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Andra Innuaraq (ECE student), Seanna Soucie, and Leetia Peterloosie enjoy reading together. © Tessa Lochhead

Providing ‘a place to grow’ in Pond Inlet

The Pirurvik Preschool opened its doors in January 2016 and offers an Early Childhood Education (ECE) program for children ages two-and-a-half to four years old in Pond Inlet. The Program is child centred and based on the Inuit Qaujimajatuqangit (IQ) principles and enriched through the use of Montessori materials, with a goal to provide a culturally relevant learning experience. Pirurvik is guided by the IQ principal Pilimmaksarniq, which allows children to learn at their own pace. Children follow their own natural curiosity by choosing topics that interest them. The learning materials are ‘hands on’ resources and allow for self-directed development with teachers acting as facilitators by providing appropriate support. Students are internally motivated to learn based on their individual interest in each activity. This experiential approach to learning creates a classroom of engaged and happy children.

This Pilimmaksarniq approach to education is facilitated by the resource rich Montessori ethod of learning. As reflected in the IQ
principles, children are recognized as individuals and are encouraged to make decisions for themselves. Both IQ and Montessori put the emphasis of learning in the hands of the child by trusting her to know what she needs. This approach to ECE compliments the educational values of the community of Pond Inlet as it builds confidence and independence at a critical age of development. Language development is key to ECE instruction and the classroom resources aim to promote and enrich Inuktitut literacy and include: Inuktitut sandpaper syllabics, large moveable Inuktitut syllabics, Inuktitut sound bags and small moveable Inuktitut syllabics.

Alashua Akpaleapik, Leah Kippomee (ECE student), and Balika Idlout trace sandpaper syllabics with their fingers, which helps them to prepare for writing skills.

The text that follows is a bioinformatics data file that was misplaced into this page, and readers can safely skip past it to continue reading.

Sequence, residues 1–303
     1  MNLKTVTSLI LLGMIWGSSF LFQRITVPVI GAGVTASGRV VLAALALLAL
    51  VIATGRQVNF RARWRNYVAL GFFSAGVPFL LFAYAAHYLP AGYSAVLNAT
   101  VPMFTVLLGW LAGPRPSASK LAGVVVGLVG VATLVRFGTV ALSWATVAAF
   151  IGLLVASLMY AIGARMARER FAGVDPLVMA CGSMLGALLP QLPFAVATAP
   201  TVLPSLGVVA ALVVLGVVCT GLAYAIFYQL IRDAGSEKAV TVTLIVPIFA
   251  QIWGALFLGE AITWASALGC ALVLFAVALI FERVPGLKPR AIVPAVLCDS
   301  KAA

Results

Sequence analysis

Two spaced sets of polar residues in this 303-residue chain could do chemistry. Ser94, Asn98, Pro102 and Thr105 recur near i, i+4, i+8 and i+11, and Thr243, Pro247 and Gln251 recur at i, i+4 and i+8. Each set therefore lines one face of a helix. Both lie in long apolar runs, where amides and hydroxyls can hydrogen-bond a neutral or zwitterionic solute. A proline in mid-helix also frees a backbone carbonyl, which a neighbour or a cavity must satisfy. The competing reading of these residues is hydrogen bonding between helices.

Alashua Akpaleapik, Leah Kippomee (ECE student), and Balika Idlout trace sandpaper syllabics with their fingers, which helps them to prepare for writing skills.

The Pirurvik Preschool has partnered with the Nunavut Arctic College (NAC). The NAC is providing a full-time Early Childhood Education Diploma two-year program in Pond Inlet during the 2015-17 academic period. The Pirurvik preschool is an extension of the Arctic College ECE training by providing a location and learning environment for the NAC practicum requirements. The preschool serves a double role of providing ECE while also building capacity in education as the students can seek full-time employment upon graduation.

NAC students in the Program were asked to reflect on their experiences and share their thoughts about ECE in Pond Inlet.

In your opinion, in what ways does the Pirurvik Preschool model Inuit Qaujimajatuqangit?

Samantha Koonoo: At the preschool there is seal skinning so children learn how to skin a seal. We teach them Inuit history and culture through songs in Inuktitut.

Leah Kippomee: We sing traditional songs like “Qalukpaajusii” and we also speak Inuktitut.

Charlotte Maktar: The students watch, learn, and try. I also notice inuuqatigiitsiarniq, pijitsirniq, and pilimmaksarniq being used a lot.

Dina Arreak: There is also a drum that is made for the children to use when we are singing songs. The drum is the same as what our ancestors would use.

How do you feel the preschool supports literacy in Pond Inlet?

Ruth Akpaleapik: It encourages students to learn the basics before they enter kindergarten and gain a positive attitude towards school and learning to become life-long learners.

Dina Arreak: The preschool supports literacy by teaching the children to recognize and pronounce the Inuktitut symbols. We also talk to the children in our own language.

Charlotte Maktar: We read books to the children and we also have a stereo that we can listen to while reading the book. We also have sandpaper letters and syllabics, flash cards, alphabet beanbags, a rug with the alphabet and some drawing and writing activities.

Masiva Pewatoalook: We hope children will be able to develop their literacy skills at their own pace. At the preschool we show the value of having literacy activities that are fun for children.

What do you think is the positive impact of Early Childhood Education in Nunavut?

Charlotte Maktar: We do our best to show the children how to be independent. When they want to do an activity we show them how to use or do the activity they choose, depending on their age and capability. once they know how to do the activity, they are free to do them whenever they want. We teach them how to observe and how to be patient. they learn and practice Inuit Qaujimajatuqangit through the activities.

Samantha Koonoo: The preschoolers are doing really well. They are learning to write their names and how to write in Inuktitut.

Masiva Pewatoalook: My role as an ECE educator is to teach children through play what it means to be Inuk, how we talk, hunt, tell stories and speak our language.

Fiona Aglak: It is really nice to see the children enjoying the preschool because they will be going to school in the next couple of years and they will already be used to it.

Tessa Lochhead
Tessa Lochhead is the Co-Founder of the Pirurvik